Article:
Lower Frankton etching
The spot where this etching stands is remote, rural and lonely now, but if things had gone to plan it would have been a busy junction on an important inland trunk route called the Ellesmere Canal Navigation.
The branch to the left of the etching led to Newtown. Not many years ago this length was bone dry, and still is in parts, but is undergoing slow but steady restoration on its way to Llanymynech where there is another Canal Etching. It was the first bit of the narrow Ellesmere Canal to be built as limestone from Llanymynech and coal from the Oswestry coal field was important to the agriculture of the area.
To the right you see the remains of the original main line for Shrewsbury and the Severn. It peters out just beyond Weston Wharf and never reached Shrewsbury only 11 miles further on.
If you look straight ahead while standing in front of the canal etching you are looking up the intended main line to Chester and the Dee.
The plan began in 1789 when three local landowners started to think about a canal to link the Mersey (Liverpool and the sea) with the Dee at Chester and the navigable Severn at Shrewsbury and so to Bristol and the sea again. They were wealthy men, two MPs and a Reverend, all living within a few miles of this spot. It was the height of canal mania in Britain and the period of the Enlightenment.
This inland trunk route would allow movement of heavy goods from place to place by boat, and was a vast improvement on horse and cart, in winter a cart could be up to its axles in deep mud, and railways were not yet invented. A horse and cart could carry 1 ton, a horse drawn boat could carry 25-30 tons, depending on the depth of the canal. This area was rich in lime stone, coal and iron ore, with a ready market in the rapidly expanding cities. The Industrial Revolution was driving canal building and canal building was driving the Industrial Revolution.
Cross the very humpback road bridge and walk up the towpath towards the four locks and you will see what was the boat builder’s cottage and workshop. The dry dock is just visible in the garden on the offside below lock 3, and there is an interesting related plaque.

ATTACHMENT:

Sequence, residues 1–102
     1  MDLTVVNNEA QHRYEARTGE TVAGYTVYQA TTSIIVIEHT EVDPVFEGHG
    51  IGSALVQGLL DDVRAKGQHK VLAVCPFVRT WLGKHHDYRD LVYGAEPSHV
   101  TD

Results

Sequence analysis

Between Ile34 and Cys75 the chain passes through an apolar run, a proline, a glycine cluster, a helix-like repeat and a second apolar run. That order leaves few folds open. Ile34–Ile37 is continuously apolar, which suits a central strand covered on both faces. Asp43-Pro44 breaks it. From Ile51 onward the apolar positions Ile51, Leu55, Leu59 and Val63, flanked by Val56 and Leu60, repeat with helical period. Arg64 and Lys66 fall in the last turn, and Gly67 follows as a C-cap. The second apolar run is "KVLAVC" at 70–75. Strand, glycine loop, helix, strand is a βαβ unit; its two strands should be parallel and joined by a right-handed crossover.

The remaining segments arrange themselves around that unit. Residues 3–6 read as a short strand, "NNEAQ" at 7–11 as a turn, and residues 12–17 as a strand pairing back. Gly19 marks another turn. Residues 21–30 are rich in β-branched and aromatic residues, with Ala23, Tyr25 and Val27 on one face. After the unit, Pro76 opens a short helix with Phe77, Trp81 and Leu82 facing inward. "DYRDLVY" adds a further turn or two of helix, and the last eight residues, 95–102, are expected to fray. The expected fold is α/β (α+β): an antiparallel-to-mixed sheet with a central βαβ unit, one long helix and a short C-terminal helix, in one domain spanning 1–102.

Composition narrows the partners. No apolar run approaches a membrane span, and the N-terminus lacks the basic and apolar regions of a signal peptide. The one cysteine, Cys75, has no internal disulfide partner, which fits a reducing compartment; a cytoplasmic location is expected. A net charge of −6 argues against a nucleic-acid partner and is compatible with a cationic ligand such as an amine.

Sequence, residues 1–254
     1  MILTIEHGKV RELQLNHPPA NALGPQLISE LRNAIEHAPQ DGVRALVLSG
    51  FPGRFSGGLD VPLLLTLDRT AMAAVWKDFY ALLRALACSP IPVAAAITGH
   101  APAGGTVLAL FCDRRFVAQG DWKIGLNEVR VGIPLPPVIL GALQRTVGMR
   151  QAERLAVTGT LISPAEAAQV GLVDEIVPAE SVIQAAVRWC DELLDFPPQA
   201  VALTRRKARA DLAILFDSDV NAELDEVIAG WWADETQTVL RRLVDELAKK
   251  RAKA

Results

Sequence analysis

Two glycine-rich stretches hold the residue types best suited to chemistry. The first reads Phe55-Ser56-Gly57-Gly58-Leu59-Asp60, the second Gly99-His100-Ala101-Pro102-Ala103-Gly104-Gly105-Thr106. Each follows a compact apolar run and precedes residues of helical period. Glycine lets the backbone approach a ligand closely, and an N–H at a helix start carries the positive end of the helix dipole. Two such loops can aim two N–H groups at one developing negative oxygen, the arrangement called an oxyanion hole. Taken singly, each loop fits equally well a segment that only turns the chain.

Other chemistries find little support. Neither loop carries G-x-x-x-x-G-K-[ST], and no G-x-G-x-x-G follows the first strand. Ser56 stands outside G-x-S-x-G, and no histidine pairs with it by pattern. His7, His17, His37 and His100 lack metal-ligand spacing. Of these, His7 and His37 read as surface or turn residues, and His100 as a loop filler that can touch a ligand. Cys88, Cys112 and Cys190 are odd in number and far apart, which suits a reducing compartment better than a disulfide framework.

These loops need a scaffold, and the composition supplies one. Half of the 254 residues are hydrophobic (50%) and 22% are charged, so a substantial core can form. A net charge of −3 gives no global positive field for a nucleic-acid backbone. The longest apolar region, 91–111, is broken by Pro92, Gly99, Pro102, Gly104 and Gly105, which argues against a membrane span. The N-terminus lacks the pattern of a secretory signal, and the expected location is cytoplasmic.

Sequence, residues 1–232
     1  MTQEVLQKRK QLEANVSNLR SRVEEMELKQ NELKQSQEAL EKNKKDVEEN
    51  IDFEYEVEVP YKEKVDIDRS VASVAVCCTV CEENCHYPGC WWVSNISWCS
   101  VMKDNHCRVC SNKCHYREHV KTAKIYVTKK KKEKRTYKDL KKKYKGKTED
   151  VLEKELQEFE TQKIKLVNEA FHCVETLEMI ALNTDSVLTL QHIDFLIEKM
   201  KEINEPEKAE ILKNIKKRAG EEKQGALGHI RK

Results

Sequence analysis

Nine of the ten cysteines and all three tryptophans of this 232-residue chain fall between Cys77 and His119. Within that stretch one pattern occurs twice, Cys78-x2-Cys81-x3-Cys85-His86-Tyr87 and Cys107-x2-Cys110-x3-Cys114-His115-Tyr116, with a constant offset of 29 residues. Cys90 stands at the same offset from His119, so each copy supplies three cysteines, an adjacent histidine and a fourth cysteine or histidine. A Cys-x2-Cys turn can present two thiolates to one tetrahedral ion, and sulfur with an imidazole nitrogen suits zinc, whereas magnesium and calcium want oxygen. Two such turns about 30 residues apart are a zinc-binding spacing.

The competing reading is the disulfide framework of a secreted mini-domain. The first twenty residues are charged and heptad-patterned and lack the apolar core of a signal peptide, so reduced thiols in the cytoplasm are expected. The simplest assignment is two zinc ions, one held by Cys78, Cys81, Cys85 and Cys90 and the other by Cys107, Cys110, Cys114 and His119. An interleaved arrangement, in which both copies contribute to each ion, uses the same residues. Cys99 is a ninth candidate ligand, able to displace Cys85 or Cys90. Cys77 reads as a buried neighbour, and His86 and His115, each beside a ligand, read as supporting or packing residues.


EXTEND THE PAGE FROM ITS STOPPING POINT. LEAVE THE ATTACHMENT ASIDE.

“This area was rich in lime stone, coal and iron ore, with a ready market in the rapidly expanding cities. The Industrial Revolution was driving canal building and canal building was driving the Industrial Revolution.”
The escarpment that makes the locks necessary is clearly visible to your right. Half way up the locks on the left was the pub. The family also operated carrying boats and a wharf from here. Steps lead to the pub from the water level (a loaded boat lies very low in the water), with a metal guide above to stop the horse line snagging on the masonry. It is now a farm but still owned by the same family.
On the other side is a lock keepers cottage and stabling for canal horses. Beyond the staircase lock and footbridge is the original toll office and a small car park on the site of the warehouse and crane. You can see the wear marks from the cotton line used to tow the boats worn into the elegant footbridge. Boating families liked to stop at this bustling hub for news of loads and gossip, supplies and repairs, an evening in the pub and even to get their washing done.
Left at the top, the canal takes you past another Canal Etching at Gledrid, the gateway to the World Heritage Site, through two tunnels; Chirk and Whitehouse, and over two aqueducts; Chirk and Pontcysyllte, to Trevor Basin.
This is as far as the canal got on its way to Chester. Now, from Trevor, you can turn westwards and follow a narrow canal to Llangollen, built originally to feed water from the Dee into the main line.